For men's religion to God is between God and themselves. The king will not answer for it. Neither may the king be judge between God and man. Let them be heretics, Turks, Jews, or whatsoever, it does not appertain to the earthly power to punish them in the least measure. 

This is made evident to our lord the king by scriptures.

 Helwys understood a man's religion is between that man and God himself. What is interesting to note is that Helwys did not simply advocate for religious liberty for his new Baptist congregation in a country with a state-established church. Instead, he made his appeal to the king on behalf of unbelievers, Muslims (Turks), and Jews. Helwys' genius was in knowing that liberty withheld from any religion can threaten liberty to all religions.
Part two of this series will consider the significant contribution Roger Williams made to the Baptist distinctive of religious liberty. Again, the goal of this article is to introduce the reader to the Baptist conviction of religious liberty. In the end, we will consider some implications of this conviction for the church today. 


“Congressional Record (Bound Edition), Volume 157 (2011), Part 7 - REMEMBERING ROGER WILLIAMS.” Accessed January 16, 2024.

“Founders Online: To Thomas Jefferson from the Danbury Baptist Association, [Aft ….” University of Virginia Press. Accessed January 15, 2024.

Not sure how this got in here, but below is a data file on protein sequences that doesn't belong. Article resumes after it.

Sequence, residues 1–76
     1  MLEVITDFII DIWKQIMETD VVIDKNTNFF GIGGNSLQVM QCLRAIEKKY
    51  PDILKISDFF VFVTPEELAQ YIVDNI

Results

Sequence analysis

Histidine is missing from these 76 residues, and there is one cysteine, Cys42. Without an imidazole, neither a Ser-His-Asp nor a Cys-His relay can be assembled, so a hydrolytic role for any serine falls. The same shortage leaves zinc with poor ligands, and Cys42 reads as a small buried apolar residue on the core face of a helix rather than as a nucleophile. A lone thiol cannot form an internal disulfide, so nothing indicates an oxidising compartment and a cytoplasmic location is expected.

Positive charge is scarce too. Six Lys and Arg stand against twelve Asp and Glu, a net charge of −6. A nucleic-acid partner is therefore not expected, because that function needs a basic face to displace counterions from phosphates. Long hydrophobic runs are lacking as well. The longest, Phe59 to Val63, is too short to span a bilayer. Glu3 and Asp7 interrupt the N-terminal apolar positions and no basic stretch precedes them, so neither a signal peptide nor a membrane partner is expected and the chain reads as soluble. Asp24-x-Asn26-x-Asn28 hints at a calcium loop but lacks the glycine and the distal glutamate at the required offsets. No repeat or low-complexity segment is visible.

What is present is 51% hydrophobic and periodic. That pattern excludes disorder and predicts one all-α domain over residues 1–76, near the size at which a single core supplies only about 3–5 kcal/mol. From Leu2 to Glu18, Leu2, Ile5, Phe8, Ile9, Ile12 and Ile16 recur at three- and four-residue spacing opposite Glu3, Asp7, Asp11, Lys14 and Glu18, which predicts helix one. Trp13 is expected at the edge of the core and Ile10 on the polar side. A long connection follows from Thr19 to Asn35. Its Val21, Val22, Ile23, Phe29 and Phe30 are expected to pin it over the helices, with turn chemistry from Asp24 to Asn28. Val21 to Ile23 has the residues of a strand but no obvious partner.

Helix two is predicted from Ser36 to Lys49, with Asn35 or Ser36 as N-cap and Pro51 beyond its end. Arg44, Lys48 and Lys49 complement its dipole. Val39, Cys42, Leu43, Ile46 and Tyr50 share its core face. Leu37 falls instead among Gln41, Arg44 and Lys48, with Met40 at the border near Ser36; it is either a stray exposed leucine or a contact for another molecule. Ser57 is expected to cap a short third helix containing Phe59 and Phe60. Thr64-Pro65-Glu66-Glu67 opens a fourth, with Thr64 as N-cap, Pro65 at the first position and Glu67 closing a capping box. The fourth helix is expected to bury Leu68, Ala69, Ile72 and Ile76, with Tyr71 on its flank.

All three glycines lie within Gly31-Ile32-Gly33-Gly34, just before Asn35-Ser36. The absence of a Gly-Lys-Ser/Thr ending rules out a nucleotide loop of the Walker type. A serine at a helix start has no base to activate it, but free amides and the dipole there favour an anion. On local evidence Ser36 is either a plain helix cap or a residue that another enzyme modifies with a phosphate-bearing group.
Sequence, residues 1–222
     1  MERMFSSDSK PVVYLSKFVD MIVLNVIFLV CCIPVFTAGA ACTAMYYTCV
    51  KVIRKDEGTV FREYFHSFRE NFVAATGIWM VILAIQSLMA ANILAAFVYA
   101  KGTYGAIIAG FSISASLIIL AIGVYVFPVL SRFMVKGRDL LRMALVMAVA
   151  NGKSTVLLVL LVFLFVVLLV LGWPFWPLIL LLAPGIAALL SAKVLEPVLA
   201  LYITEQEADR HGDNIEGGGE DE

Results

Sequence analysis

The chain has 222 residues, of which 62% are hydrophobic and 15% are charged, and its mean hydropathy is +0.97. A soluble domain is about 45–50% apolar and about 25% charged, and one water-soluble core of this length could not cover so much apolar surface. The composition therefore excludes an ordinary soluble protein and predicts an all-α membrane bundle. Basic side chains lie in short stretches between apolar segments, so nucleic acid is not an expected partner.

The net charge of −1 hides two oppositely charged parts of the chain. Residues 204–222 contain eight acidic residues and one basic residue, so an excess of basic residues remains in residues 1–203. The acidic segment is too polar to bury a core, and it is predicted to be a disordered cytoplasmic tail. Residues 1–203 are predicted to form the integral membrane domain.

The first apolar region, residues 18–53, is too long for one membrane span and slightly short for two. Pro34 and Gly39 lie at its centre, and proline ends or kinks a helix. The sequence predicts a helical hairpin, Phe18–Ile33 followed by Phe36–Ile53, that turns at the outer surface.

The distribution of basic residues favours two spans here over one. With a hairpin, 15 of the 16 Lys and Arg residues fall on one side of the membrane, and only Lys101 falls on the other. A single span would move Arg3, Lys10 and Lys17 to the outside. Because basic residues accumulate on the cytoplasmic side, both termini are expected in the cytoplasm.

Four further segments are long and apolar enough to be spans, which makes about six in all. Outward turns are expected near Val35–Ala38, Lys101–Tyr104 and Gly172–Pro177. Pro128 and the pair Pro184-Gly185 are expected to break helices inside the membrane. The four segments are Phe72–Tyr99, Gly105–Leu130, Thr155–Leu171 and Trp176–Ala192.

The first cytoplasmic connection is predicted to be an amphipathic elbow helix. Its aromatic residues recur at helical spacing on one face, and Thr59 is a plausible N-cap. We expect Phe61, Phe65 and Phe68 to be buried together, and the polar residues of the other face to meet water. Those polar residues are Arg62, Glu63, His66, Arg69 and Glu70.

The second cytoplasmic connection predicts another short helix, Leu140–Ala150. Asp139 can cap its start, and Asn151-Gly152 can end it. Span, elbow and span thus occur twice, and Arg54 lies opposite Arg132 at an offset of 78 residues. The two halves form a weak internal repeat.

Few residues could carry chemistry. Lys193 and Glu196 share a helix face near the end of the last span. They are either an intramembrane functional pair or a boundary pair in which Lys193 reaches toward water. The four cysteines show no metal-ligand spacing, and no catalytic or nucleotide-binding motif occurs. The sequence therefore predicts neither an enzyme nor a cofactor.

Hamburger, Philip. Separation of Church and State, Revised edition. Cambridge, Mass.: Harvard University Press, 2004.

“Jefferson’s Letter to the Danbury Baptists (June 1998) - Library of Congress Information Bulletin.” Accessed January 15, 2024.

Jr. Early, Joe, ed. The Life and Writings of Thomas Helwys. Macon, Ga: Mercer Univ Pr, 2009.

Kidd, Thomas S. God of Liberty: A Religious History of the American Revolution, 1st edition. Basic Books, 2010.

Kidd, Thomas S., and Barry G. Hankins. Baptists in America: A History. Oxford ; New York: Oxford University Press, 2015.

Kidd, Thomas S., Paul D. Miller, and Andrew T. Walker, eds. Baptist Political Theology. B&H Academic, 2023.

Strickland, Arthur B. Roger Williams, Prophet and Pioneer of Soul-Liberty, 1st Edition. The Judson Press, 1919.

Warren, James A. God, War, and Providence: The Epic Struggle of Roger Williams and the Narragansett Indians against the Puritans of New England, First Edition. New York: Scribner, 2018.